Health for Future Switzerland

Health For Future is a global movement of people from all health professions working on climate action, inspired by Fridays For Future. The counterpart in Switzerland was launched at the global climate strike on 29 November 2019. All people are invited to join this movement and become active!

Come to the national meeting of H4F Switzerland on October 1, 2022 in Basel! If you are interested, you can contact us here.

Our commitment is based on the scientifically founded recognition that further global warming poses a great risk to human health and existence, ecological biodiversity and thus all living things on earth. As members of the health sector, we recognise our special responsibility to society to demand and support climate protection. We are particularly committed to vulnerable groups such as the elderly and disadvantaged, children and people from climatically exposed regions.

We would like to

  • communicate climate change as a key health issue
  • raise awareness of the health consequences of the climate crisis among the public, other health professionals and policy makers
  • demonstrate the potential of climate-friendly and sustainable lifestyles for (individual and public) health (e.g. more plant-based diets, non-motorised exercise) 
  • Develop plans to reduce greenhouse gas emissions in the health sector (Green Hospitals), with the goal of climate neutrality
  • Develop psychological support measures for the mental health consequences of the climate crisis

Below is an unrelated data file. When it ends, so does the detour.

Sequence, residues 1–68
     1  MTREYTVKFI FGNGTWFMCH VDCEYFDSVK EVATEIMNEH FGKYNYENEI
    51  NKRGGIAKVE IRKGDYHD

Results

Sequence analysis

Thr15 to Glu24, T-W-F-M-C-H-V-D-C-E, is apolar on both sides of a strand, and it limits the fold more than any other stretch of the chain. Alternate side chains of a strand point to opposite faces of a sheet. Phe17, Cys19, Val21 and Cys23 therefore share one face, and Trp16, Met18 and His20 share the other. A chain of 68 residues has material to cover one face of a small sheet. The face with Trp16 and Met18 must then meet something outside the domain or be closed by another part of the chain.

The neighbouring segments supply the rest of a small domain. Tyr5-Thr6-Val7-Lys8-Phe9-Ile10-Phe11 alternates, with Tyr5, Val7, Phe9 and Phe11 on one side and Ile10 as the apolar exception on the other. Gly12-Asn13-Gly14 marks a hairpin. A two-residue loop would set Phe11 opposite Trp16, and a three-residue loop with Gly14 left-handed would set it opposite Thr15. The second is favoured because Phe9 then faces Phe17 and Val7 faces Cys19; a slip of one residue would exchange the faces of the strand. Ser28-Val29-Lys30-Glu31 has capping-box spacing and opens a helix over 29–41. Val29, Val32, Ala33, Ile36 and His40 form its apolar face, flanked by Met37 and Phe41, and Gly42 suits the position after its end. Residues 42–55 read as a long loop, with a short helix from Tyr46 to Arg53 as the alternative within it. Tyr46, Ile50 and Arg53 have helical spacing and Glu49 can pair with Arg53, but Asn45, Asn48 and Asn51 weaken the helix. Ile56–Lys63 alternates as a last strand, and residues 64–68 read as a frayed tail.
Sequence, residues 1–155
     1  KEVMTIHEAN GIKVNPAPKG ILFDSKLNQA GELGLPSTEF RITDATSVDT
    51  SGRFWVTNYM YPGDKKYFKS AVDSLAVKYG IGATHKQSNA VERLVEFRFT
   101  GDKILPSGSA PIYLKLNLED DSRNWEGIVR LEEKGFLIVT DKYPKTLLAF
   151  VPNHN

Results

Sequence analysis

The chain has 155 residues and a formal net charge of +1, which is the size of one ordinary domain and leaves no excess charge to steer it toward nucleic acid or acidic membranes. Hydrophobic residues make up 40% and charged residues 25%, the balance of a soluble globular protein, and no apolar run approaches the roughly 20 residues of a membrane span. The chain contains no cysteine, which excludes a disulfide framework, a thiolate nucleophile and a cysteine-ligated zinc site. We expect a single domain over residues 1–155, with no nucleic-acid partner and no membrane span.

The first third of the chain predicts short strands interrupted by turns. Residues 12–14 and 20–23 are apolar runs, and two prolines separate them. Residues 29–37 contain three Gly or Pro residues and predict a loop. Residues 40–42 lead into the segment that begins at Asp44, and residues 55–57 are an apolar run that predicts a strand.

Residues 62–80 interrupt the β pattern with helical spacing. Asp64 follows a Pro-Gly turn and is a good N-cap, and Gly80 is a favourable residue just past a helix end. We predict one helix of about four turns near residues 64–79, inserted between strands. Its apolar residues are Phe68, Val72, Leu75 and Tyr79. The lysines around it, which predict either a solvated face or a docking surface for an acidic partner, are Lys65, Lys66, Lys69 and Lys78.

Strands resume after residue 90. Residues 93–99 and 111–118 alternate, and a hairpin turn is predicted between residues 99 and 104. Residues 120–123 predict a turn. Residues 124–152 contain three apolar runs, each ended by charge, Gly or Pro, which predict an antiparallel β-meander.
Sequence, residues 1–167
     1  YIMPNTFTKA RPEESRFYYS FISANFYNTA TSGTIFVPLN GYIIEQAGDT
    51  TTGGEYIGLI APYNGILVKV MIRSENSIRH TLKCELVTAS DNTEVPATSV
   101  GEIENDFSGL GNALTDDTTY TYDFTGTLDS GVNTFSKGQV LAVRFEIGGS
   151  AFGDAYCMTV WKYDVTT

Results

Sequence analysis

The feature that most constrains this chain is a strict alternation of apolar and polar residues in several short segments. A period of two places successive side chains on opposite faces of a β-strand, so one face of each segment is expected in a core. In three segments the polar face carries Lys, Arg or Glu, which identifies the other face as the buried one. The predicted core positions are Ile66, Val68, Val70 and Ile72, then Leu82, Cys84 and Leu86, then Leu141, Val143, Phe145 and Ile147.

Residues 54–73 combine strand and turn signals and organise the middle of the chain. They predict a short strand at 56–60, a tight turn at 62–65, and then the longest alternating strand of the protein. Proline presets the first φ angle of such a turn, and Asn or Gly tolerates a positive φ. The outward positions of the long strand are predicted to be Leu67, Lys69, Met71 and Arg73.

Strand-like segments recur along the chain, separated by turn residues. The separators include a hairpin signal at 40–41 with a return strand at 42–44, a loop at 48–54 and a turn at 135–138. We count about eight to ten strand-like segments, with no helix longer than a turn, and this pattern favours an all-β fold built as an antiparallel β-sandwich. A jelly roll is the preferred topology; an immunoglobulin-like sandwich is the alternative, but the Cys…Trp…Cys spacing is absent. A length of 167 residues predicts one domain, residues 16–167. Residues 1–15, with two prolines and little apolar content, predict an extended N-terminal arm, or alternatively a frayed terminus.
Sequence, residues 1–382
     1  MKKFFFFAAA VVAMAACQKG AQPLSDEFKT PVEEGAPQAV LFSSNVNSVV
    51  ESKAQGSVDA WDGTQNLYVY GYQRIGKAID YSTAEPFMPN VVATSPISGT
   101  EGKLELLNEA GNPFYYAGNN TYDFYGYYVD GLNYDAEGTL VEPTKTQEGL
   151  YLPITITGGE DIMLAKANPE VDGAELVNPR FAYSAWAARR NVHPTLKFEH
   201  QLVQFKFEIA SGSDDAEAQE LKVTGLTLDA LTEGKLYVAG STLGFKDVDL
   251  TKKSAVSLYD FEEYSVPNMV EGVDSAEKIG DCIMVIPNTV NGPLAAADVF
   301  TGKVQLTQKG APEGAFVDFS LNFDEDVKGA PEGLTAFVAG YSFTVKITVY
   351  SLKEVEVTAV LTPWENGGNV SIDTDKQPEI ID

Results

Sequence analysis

• Integrate planetary health content into research and teaching at medical faculties
  • Encourage pension funds to completely phase out fossil fuel investments
  • Promote a strong network of health professionals and an exchange between health professionals in Switzerland

Healthy people only exist on a healthy planet.

Reasons to act

  • Because direct climate protection measures represent the greatest opportunity for improving individual and global health and preventing chronic diseases
  • Because a change in lifestyle (especially a switch to a low-meat/meatless, regional diet and non-motorised exercise) can both contribute to climate protection and is central to the prevention and treatment of the most important common diseases of our time (cardiovascular diseases, obesity, diabetes, rheumatism and cancer).
  • Because, according to the WHO, compliance with the Paris Climate Agreement of 2015 (less than 2 °C warming) will lead to one million fewer deaths per year by 2050
  • Because the health benefits of climate protection would be twice as high as the costs, according to the latest estimates
  • Because the health sector has a large ecological footprint and more resource efficiency here would reduce both health risk factors and over-treatment